04-14-2024  1:56 am   •   PDX and SEA Weather
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NORTHWEST NEWS

Four Ballot Measures for Portland Voters to Consider

Proposals from the city, PPS, Metro and Urban Flood Safety & Water Quality District.

Washington Gun Store Sold Hundreds of High-Capacity Ammunition Magazines in 90 Minutes Without Ban

KGW-TV reports Wally Wentz, owner of Gator’s Custom Guns in Kelso, described Monday as “magazine day” at his store. Wentz is behind the court challenge to Washington’s high-capacity magazine ban, with the help of the Silent Majority Foundation in eastern Washington.

Five Running to Represent Northeast Portland at County Level Include Former Mayor, Social Worker, Hotelier (Part 2)

Five candidates are vying for the spot previously held by Susheela Jayapal, who resigned from office in November to focus on running for Oregon's 3rd Congressional District. Jesse Beason is currently serving as interim commissioner in Jayapal’s place. (Part 2)

Winning Powerball Ticket Worth $1.3 Billion Sold in Portland

A Powerball player in Portland has won a jackpot worth more than jumi.3 billion. The prize is the eighth largest in U.S. lottery history. The Oregon Lottery says the winning ticket was sold in Portland, Oregon. The winning numbers were: 22, 27, 44, 52, 69 and the red Powerball 9

NEWS BRIEFS

Americans Willing to Pay More to Eliminate the Racial Wealth Gap, Creating a New Opportunity for Black Business Owners

National research released today provides encouraging news that most Americans are willing to pay a premium price for products and...

Vibrant Communities Commissioner Dan Ryan Directs Development Funding to Complete Next Phase of Gateway Green Project

Portland Parks & Recreation (PP&R) is beginning a new phase of accessibility and park improvements to Gateway Green, the...

Application Opens for Preschool for All 2024-25 School Year

Multnomah County children who will be 3 or 4 years old on or before September 1, 2024 are eligible to apply now for free preschool...

PCC and LAIKA Partner to Foster Diversity in Animation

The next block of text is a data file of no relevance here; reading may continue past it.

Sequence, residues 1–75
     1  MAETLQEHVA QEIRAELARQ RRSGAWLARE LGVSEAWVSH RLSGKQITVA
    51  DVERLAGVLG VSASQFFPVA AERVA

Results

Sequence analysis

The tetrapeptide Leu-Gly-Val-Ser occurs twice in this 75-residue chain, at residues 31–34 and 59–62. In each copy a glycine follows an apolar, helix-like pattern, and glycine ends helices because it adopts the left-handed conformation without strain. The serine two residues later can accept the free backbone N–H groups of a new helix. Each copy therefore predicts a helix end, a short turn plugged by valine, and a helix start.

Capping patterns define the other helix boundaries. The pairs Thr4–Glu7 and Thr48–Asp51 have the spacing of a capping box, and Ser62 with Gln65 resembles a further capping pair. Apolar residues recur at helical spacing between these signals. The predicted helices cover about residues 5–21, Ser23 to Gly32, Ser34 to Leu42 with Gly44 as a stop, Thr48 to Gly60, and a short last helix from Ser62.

LAIKA is contributing ,000 to support student scholarships and a new animation and graphics degree. ...

Mt. Hood Community College Hosts Spring Career Fair Featuring Top Portland Employers

The event will be held April 24 at Mt. Hood Community College. ...

OPINION

Gallup Finds Black Generational Divide on Affirmative Action

Each spring, many aspiring students and their families begin receiving college acceptance letters and offers of financial aid packages. This year’s college decisions will add yet another consideration: the effects of a 2023 Supreme Court, 6-3 ruling that...

OP-ED: Embracing Black Men’s Voices: Rebuilding Trust and Unity in the Democratic Party

The decision of many Black men to disengage from the Democratic Party is rooted in a complex interplay of historical disenchantment, unmet promises, and a sense of disillusionment with the political establishment. ...

COMMENTARY: Is a Cultural Shift on the Horizon?

As with all traditions in all cultures, it is up to the elders to pass down the rituals, food, language, and customs that identify a group. So, if your auntie, uncle, mom, and so on didn’t teach you how to play Spades, well, that’s a recipe lost. But...

A Full Court Press to Get the Lead Out

With a “goal of identifying and remediating lead hazards in at least 2,800 Lancaster County homes,” LG Health is setting an example for the private sector. And the Biden-Harris administration’s focus on environmental justice and access to clean and safe...

AFRICAN AMERICANS IN THE NEWS